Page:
Well, Bunyan is playing Tip-Cat. He's not only playing Tip-Cat on the Lord's Day, but he's playing Tip-Cat outside the church on the Lord's Day; and suddenly the thought comes to him, “Wilt thou leave thy sins and go to heaven, or wilt thou have thy sins and go to hell?” Listen to Bunyan for a minute, because he was struck rigid by this thought:

“My state is surely miserable; miserable if I leave my sins, but miserable if I follow them. I cannot but be damned, and if I must be so, I had as good be damned for many sins as damned for few.”

But he couldn't get rid of his conscience that easily, and a month later he's standing outside a shop, a store, swearing and cursing to excess, and a loose and godless woman says to him in no uncertain terms that he should be ashamed of himself, that he is spoiling the youth of the whole town. And Bunyan falls silent and hangs his head in shame.

Well, we’ll find out next week what happened to Bunyan, but Christian in this story is in similar circumstances. He's reading the Bible, and he's burdened. His face is away from his home; he's got his back turned to the City of Destruction in which he lives, and he's weighed down by this burden.

That's what the Bible will do for you. In 1971, in December of 1971–it was late November or early December–through a series of circumstances which I won't go into now, my best friend of all time…a lover of music, as I was…wrote to me and said, “I've become a Christian.” And in the mail he sent to me a copy of John Stott's Basic Christianity. I had never read a Christian book in my life. I had been to church maybe four or five times in those eighteen years of my life. I had certainly never, ever read the Bible. I didn't possess a copy. I couldn't have told you if Genesis was in the Bible, let alone the first book of the Bible. I had never, ever studied it. I was studying mathematics at University, but I had never, ever read the Bible. I went out and bought the Bible. It was a child's Bible. It was the only Bible in the town…at least, in the store that I went into. It had pictures in it. And I began to read in the Gospel of John, because that's what John Stott told me to do. And as I read, I wasn't three, four, five chapters into the gospel, and I can identify with Christian: This colossal burden that I was a sinner, and that unless I could find a way of rescue, I was most certainly going to hell. Two weeks before that, I don't think I believed in a hell. I don't think I believed in a God. But now I believed there was a God, I believed there was a heaven, I believed there was a hell, and I was bound for it like this man, Christian.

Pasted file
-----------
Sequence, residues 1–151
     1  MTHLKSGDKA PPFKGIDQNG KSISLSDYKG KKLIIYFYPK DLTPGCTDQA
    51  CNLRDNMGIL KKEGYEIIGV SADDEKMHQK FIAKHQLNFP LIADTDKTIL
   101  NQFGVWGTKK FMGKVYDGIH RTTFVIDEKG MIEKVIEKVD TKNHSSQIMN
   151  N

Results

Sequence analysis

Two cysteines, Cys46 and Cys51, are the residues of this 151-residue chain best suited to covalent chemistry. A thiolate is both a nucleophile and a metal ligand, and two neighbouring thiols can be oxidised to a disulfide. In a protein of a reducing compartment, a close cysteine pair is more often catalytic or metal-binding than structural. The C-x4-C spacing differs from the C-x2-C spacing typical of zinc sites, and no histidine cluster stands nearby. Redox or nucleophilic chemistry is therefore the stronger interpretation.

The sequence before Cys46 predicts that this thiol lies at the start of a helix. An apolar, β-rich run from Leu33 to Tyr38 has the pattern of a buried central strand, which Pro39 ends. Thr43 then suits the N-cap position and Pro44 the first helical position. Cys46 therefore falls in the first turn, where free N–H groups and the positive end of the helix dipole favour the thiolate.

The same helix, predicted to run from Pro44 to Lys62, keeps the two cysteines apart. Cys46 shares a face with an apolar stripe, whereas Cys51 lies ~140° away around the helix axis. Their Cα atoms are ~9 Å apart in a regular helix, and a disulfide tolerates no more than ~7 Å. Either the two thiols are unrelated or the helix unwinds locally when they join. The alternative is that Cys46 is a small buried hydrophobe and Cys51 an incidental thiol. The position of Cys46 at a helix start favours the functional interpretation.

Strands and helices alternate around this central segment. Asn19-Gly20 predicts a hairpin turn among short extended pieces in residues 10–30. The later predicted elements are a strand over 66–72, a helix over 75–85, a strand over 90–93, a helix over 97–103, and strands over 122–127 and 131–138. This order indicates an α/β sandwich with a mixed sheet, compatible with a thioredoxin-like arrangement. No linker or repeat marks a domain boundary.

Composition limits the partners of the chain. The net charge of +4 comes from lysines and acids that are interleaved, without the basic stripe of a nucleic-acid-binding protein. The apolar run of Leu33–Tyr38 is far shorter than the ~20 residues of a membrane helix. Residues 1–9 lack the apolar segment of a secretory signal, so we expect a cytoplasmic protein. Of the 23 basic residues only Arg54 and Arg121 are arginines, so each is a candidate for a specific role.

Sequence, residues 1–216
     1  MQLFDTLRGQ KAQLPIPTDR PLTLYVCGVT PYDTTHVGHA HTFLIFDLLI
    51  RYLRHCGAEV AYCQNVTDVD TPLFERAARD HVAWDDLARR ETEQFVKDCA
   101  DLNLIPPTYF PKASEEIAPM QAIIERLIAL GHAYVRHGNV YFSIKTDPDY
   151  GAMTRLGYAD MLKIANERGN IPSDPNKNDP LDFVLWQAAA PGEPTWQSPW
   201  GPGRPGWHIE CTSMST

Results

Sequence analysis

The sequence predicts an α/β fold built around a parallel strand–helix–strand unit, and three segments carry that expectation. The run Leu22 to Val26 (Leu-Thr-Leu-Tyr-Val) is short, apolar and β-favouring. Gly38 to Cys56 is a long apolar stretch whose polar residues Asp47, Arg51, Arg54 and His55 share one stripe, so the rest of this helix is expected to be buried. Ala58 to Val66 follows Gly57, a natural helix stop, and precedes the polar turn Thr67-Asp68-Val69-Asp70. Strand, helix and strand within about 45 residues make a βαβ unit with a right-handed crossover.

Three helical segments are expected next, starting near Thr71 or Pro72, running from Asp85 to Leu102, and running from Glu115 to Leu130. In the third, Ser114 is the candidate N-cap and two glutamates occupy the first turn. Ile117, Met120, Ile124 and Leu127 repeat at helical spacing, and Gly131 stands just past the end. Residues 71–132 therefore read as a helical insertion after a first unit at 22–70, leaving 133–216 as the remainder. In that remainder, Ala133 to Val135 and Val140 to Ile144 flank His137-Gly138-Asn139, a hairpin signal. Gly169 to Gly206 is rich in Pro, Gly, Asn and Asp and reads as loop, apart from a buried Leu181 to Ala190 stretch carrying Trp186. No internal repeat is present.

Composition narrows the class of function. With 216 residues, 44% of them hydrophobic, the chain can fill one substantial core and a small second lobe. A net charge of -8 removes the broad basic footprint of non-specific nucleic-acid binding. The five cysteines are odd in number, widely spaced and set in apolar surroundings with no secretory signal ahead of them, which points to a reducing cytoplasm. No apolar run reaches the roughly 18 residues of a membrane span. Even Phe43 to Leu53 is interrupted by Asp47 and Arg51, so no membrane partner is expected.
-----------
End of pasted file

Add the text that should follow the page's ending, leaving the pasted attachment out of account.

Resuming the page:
He's got a burden, a colossal burden, on his shoulders. Here's a man who is under conviction of sin. Here's a man who's reading the Bible, and the Bible has shown him that he's a sinner, that he is undone, that he has nothing by which to offer himself in the sight of God. He knows that he's not right with God. He knows that he is lost and undone, and without hope in the world. He has this great burden upon his back, and he's weighed down with it. And this burden is more than sin; it's the consciousness of sin; it's the guilt of sin; it's the realization that this sin is going to cost him the fires of hell.

Bunyan is telling us something, and he's telling us something very profound. He's telling us something by way to answer the question, “How can I become a Christian? How can I get right with God?” He's telling us something about evangelism. He's telling us something about the way the gospel actually works, and it's more than just verbally acknowledging certain responses to certain questions. There has to be a realization that we are sinners. There has to be what Bunyan is describing in this allegory as a conviction of our sinfulness and of our wretchedness.

You know, Bunyan was in this condition…Bunyan, the author, now…was in this condition of being under the weight and burden of sin without the assurance of salvation. He was in that condition for eighteen months. Now, there are some people who will say that that is quite wrong. There are evangelical people who will say so. Why didn't Bunyan have Evangelist say immediately to Christian, “What you need to do is to believe in the Lord Jesus Christ.”? Bunyan would say, “The reason why Evangelist doesn't say that at this point is, he wasn't ready to hear that yet. He needs to understand something about what sin is and what sin deserves before you too quickly apply the remedy of the gospel. Because if you apply the remedy of the gospel too quickly, you produce what the Puritans would have called “gospel hypocrites” — people who think that they are Christians, when in actual fact they are not.

III. What to do with the burden?